The sharing of consumer tastes functions as an emotional and sensorial platform to forge intimacy.
One recent man had a lot going for him. In fact he was the most promising prospect I’d had in some time. But then he mentioned that he got his daily coffee from Starbucks, and I found it hard to imagine dating someone who liked Starbucks coffee; or even if they liked the coffee, didn’t find Starbucks so odious and soul-diminishingly ubiquitous they would never go there. I judged this a stupid reason to stop messaging him, given his other, surely more important qualities, so I continued messaging him. But then he said he mostly watched Marvel movies, and the combination of Starbucks and Marvel was too much, so I stopped messaging him, even though I judged my own judgment in this case to be ridiculously shallow and flimsy. If he hadn’t been American, I might have excused it or interpreted it differently. Or if I had met him in another context, his consumer tastes might have barely figured in my estimation of him. But he was just an overeducated, emotionally available American, with many winsome attributes and poor taste in coffee and movies; I myself didn’t even understand why I lost interest in him, and recognized it was a bug in my programming, rather than anything to do with him. Or perhaps, the obvious ominous thought goes, it wasn’t a bug but an actual feature of the programming—not mine, but the app’s.
My second ex-husband and I did not share the same taste in music or food or books; I chose not to let that mean anything. Or rather, I chose to let it mean he was a different person with his own preferences and idiosyncrasies, like the fact that he wore the same pair of shorts every day. I wasn’t looking for a copy of myself, because that would be boring. But in retrospect, maybe the fact that I thought I could be with someone with whom I had so little aesthetic and sensual overlap could have been a glaring sign that I was so desperate to be in a relationship I wasn’t paying enough attention to other important realities about our connection. On the other hand, maybe the fact that I think I can’t be with someone who goes to Starbucks means I’m making the opposite error.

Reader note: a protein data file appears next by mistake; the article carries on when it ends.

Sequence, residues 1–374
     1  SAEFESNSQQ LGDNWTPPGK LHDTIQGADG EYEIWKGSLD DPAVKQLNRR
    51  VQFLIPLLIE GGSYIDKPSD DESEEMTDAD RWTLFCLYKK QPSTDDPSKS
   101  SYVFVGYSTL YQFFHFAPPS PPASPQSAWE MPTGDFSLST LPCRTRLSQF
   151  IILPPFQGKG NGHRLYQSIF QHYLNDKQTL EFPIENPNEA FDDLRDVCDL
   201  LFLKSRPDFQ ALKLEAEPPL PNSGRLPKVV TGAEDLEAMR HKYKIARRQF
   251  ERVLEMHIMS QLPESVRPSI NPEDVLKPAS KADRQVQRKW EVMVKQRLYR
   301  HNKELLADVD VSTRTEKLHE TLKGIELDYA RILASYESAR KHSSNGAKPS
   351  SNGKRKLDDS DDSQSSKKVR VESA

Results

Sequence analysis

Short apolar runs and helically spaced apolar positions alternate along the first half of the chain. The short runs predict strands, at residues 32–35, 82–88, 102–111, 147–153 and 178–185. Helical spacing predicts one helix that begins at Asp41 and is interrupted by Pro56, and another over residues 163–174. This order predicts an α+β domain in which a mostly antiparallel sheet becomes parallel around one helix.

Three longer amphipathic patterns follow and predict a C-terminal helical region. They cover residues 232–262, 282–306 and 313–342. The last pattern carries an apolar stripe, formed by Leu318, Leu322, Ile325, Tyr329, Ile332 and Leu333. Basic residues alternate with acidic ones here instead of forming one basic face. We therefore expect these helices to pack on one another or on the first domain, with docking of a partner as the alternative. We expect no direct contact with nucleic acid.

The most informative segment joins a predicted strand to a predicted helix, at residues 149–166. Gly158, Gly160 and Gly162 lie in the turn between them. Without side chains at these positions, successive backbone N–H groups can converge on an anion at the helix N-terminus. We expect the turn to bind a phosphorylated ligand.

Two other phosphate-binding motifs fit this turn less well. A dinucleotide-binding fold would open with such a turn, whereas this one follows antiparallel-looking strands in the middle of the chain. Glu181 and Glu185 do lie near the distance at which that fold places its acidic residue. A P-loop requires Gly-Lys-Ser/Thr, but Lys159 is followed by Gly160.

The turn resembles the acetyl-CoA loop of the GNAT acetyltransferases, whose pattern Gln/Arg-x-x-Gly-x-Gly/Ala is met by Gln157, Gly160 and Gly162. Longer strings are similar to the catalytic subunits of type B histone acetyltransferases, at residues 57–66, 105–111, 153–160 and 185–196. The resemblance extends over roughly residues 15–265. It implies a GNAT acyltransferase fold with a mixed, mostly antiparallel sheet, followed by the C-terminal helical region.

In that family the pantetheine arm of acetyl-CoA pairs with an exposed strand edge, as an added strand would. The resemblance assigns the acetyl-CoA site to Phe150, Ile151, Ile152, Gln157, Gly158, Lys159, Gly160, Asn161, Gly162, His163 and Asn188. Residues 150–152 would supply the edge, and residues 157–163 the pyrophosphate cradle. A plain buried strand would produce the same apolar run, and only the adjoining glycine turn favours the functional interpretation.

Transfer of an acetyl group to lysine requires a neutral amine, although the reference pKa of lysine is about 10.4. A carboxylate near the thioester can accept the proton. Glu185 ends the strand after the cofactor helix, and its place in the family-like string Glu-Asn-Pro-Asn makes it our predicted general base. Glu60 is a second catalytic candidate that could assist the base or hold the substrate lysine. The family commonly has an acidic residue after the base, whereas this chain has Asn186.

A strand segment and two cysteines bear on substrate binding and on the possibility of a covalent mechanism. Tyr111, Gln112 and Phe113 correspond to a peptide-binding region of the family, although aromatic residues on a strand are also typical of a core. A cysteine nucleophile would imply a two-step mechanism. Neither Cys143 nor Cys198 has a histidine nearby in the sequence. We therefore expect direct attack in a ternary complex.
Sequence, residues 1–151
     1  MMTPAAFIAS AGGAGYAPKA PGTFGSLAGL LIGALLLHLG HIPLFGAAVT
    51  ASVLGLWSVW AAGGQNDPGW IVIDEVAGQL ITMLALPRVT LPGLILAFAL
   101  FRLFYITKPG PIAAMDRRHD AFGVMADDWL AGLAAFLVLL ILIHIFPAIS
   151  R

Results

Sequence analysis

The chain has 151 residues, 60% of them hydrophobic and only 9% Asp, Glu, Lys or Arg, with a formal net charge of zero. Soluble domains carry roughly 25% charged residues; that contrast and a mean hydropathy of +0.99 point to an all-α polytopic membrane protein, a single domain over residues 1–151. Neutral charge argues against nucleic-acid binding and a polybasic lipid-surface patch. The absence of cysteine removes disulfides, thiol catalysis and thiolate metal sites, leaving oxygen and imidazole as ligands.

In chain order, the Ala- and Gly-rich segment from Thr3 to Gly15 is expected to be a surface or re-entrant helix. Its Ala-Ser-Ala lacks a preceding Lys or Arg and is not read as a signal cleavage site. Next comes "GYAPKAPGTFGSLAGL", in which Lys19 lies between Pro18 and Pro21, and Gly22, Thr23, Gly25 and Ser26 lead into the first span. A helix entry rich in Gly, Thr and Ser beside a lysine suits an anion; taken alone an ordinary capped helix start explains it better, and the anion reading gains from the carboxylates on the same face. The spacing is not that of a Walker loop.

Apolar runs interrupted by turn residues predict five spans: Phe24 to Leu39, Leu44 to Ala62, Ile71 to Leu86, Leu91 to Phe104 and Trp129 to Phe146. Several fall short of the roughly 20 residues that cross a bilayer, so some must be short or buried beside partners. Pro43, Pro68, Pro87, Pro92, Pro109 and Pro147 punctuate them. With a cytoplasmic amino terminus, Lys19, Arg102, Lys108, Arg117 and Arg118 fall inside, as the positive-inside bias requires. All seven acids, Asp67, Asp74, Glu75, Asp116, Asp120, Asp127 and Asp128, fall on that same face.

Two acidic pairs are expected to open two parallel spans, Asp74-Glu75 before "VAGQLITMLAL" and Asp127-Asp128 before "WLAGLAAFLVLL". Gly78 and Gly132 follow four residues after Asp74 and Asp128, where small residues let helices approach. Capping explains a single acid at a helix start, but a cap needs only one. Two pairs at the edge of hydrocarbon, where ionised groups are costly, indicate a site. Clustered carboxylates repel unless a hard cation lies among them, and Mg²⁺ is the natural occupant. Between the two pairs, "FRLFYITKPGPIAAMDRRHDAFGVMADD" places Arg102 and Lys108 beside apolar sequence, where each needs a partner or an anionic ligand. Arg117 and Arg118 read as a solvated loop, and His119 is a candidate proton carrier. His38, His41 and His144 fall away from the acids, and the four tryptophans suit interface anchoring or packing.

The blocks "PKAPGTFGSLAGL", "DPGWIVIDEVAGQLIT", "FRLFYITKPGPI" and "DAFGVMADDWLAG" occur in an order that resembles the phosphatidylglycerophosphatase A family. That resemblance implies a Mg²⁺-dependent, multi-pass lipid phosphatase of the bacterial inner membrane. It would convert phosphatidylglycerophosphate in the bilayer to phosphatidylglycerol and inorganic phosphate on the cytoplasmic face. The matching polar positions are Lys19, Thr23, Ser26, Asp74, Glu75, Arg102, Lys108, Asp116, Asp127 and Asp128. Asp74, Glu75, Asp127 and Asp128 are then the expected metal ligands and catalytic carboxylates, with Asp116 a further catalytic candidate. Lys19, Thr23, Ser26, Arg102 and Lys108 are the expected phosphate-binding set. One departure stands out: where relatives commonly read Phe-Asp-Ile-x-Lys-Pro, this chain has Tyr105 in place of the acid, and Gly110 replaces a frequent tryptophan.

Women [bear] the main psychological burden of coping with [the devaluation of their bodies and selves] by using, for example, self-help literature or seeking psychological advice.
Since I began dating I have read or listened to: Where Should We Begin, Mating in Captivity, Healing Your Attachment Wounds, The Polyvagal Theory in Therapy, Lost Connections, Relationship Rx, Awakening Shakti, The All-or-Nothing Marriage, Adult Children of Emotionally Immature Parents, Getting the Love You Want, Polyvagal Exercises for Safety and Connection, Facing Love Addiction, Greater Than the Sum of Our Parts, Facing Codependence, How to Not Die Alone, Therapist Uncensored, Positive Intelligence, Attached, More Than Words, Us, I Don’t Want to Talk About It, Conscious Uncoupling, Cured, The Untethered Soul, Out of Touch, Your Brain on Love, Emotional Inheritance, The Power of Partnership, Sacred Pleasure, Hold Me Tight, We Do, Wired for Dating, The 5 Love Languages, Repressed Memories, Why Does He Do That? , Boundary Boss, Emotional Agility, The Verbally Abusive Relationship, Healing the Shame That Binds You, The Divided Self, No Self No Problem, Attachment Disturbances in Adults, Connection, Personhood, The Awakening Body, The Lucid Body, The Body Keeps the Score, Rosen Method Bodywork, How Emotions Are Made , Altered Traits, and Women, Sex, and Addiction, among other books and podcasts. I’ve eaten up every episode of Orna Guralnik’s Couples Therapy , and I’ve read as much of her academic writing as I’ve been able to find. I have sought help from a marriage and family therapist, a cognitive behavioral therapist, a Somatic Experiencing® bodyworker, a psychoanalyst, a Hakomi therapist in Israel, a trauma therapist who specializes in EMDR, a Reiki practitioner in Portugal, a Hakomi therapist in Los Angeles, a self-development coach, another marriage and family therapist, and a Hungarian psychiatrist who told me, twice, that he had drawn Flannery O’Connor’s blood when she was hospitalized with lupus. I had five appointments with him and he told me at each appointment that I was the most depressed person he had ever seen. I wasn’t that depressed. I mean, I drove myself to the appointments. Still, I took the anti-depressants he prescribed, but they made something spark and sputter so darkly in my brain that I realized I could easily become the most depressed person he had ever seen if I didn’t stop taking them. Though I suspected my treatment-resistant depression had something to do with men, or with being a woman, I tried to address it with ketamine infusions at a clinic in Los Angeles. When infusions alone did nothing to wash it away, I tried ketamine-assisted psychotherapy with a DO in San Francisco. I tried microdosing psilocybin and LSD. I tried a ten-day silent meditation retreat. I tried spending time on a radical anarchist commune dedicated to sacred love and sexuality in Portugal. Finally, I attended an all-day love addiction workshop on Zoom. When the other participants turned on their cameras one by one, they were all middle-aged white ladies too.